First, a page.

In researching this article I’ve come to the conclusion that bricklaying is a lot like baking. The basics are easy enough and if you follow the instructions your project will be passable. However there are a lot of tips, tricks and preparations that can turn your project from passable to masterwork.

Things to Remember:

Plan, plan, plan

If anything bricklaying requires even more planning than baking. You need to select the correct sort of bricks for your project and the correct mortar type. Making sure that you have enough bricks and enough or the right mortar ingredients in the right ratios. Heat and humidity have a massive effect on you process to so you need to take the weather into account too.

Measuring is important

Not just for planning and staking out your project. Accurate and consistent measuring of you mortar ingredients is essential. Using the same “measuring cups” leveled off the same way every time means that you end up with mortar that behaves and dries consistently.

If different batches of mortar behave differently you are like to get cracks and faults during drying and this will diminish the lifespan of your project.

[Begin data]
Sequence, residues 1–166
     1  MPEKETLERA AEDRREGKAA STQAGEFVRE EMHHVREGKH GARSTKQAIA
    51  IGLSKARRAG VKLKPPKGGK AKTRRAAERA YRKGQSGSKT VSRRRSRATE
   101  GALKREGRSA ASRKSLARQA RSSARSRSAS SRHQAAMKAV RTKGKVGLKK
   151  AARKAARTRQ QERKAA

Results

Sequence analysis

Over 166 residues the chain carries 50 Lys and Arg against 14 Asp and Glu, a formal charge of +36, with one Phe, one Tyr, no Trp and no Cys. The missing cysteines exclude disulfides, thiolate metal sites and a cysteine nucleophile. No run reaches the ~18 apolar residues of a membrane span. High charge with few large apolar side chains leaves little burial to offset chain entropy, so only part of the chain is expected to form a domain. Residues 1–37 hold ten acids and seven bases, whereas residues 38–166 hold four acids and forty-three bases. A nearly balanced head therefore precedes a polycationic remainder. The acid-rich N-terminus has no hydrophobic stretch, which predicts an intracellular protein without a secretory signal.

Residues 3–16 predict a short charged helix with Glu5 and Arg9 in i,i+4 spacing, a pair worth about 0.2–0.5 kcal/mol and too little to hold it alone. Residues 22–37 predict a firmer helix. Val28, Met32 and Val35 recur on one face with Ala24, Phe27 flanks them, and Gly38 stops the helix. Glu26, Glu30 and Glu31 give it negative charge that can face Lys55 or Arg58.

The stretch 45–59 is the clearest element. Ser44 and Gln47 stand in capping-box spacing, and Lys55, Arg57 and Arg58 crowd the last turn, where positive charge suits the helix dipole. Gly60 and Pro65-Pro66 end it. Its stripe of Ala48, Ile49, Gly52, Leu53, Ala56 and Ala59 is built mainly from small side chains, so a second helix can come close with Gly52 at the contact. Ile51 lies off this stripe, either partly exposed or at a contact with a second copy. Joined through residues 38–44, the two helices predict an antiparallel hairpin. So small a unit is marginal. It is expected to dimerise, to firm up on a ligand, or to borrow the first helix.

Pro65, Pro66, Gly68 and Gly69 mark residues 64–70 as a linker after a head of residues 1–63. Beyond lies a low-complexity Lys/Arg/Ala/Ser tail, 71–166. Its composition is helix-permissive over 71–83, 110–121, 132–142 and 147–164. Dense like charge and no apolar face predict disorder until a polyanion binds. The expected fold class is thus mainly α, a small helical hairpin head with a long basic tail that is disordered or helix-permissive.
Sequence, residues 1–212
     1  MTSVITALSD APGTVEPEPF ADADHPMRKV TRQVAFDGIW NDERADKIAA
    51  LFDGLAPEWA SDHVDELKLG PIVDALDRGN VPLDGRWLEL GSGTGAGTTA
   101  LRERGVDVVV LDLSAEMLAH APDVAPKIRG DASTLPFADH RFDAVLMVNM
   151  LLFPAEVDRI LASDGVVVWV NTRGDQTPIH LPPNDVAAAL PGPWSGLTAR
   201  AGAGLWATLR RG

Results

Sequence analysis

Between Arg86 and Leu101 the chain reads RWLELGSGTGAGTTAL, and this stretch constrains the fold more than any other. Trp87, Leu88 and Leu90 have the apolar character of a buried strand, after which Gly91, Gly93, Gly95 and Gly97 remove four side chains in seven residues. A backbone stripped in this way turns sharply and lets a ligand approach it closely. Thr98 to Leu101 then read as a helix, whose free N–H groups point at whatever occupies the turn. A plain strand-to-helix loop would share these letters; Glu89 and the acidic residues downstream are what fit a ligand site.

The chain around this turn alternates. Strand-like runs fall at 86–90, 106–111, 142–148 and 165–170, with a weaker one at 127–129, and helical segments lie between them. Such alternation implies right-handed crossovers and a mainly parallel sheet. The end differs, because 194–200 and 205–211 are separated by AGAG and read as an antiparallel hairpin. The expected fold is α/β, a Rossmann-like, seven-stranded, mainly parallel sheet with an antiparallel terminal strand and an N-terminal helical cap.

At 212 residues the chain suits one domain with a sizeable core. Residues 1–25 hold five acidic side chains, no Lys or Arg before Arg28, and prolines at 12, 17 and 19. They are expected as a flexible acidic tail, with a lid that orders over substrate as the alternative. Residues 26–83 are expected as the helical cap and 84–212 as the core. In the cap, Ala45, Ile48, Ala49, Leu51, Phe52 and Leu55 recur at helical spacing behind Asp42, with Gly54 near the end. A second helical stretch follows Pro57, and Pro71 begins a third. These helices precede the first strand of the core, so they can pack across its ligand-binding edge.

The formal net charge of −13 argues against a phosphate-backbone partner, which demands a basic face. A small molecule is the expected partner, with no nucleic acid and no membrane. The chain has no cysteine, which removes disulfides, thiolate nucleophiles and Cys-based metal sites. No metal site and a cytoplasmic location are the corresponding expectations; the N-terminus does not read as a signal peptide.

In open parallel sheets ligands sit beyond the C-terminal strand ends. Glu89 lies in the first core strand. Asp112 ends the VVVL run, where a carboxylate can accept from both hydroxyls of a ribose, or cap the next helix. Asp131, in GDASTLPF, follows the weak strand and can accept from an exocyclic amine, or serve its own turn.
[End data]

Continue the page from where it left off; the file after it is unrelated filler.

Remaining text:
A batch of mortar is generally only viable for 60-90 minutes. Only measure out as much as you can use in that time.

Fresh and good quality ingredients

As with baking fresh, good quality ingredients will give you the best result. In bricklaying this means keeping your cement and other mortar ingredients sealed from moisture, using the right admixture for your project. Also make sure that you’re using good quality sand that is free from clay.

Temperature and Humidity make a difference.

The ambient humidity affects how much water you need to add to your mortar mixture. Both heat and humidity change how and how fast your mortar dries and cures. Mortar that dries too fast or hot bricks that suck the moisture out of your mortar can have a disastrous effect on you project. Sloppy mortar is equally bad but in a different way. Like a cake batter the right consistency at the right temperature will prevent a flop.

Tidy as you go

Because mortar is viable for so short a time and starts curing after about an hour, you need to smooth your mortar lines and wipe down splashes as you go. As well as washing off your tools. Dried mortar is even harder to deal with than dried egg.

Judge for yourself with these links.

Basic Bricklaying

Mixing mortar for different jobs

Mortar Mixing Tips

If you’re looking for a project try these.

Photo by Jude Beck on Unsplash